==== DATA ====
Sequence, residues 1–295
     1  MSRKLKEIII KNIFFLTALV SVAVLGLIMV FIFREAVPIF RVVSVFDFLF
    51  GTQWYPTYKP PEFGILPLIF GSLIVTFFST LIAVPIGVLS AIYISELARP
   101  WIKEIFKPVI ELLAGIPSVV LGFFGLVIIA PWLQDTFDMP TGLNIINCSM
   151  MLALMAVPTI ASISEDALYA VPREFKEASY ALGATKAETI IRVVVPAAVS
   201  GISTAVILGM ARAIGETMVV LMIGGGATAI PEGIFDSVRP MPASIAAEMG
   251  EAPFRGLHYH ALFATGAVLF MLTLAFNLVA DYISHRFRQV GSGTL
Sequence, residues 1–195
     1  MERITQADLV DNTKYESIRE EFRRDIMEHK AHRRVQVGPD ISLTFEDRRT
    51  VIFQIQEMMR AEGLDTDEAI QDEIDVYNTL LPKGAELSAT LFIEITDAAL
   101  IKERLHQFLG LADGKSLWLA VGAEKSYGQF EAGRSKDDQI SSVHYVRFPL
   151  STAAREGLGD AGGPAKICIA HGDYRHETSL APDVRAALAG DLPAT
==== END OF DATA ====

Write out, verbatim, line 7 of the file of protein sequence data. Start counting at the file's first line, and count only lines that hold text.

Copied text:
   251  EAPFRGLHYH ALFATGAVLF MLTLAFNLVA DYISHRFRQV GSGTL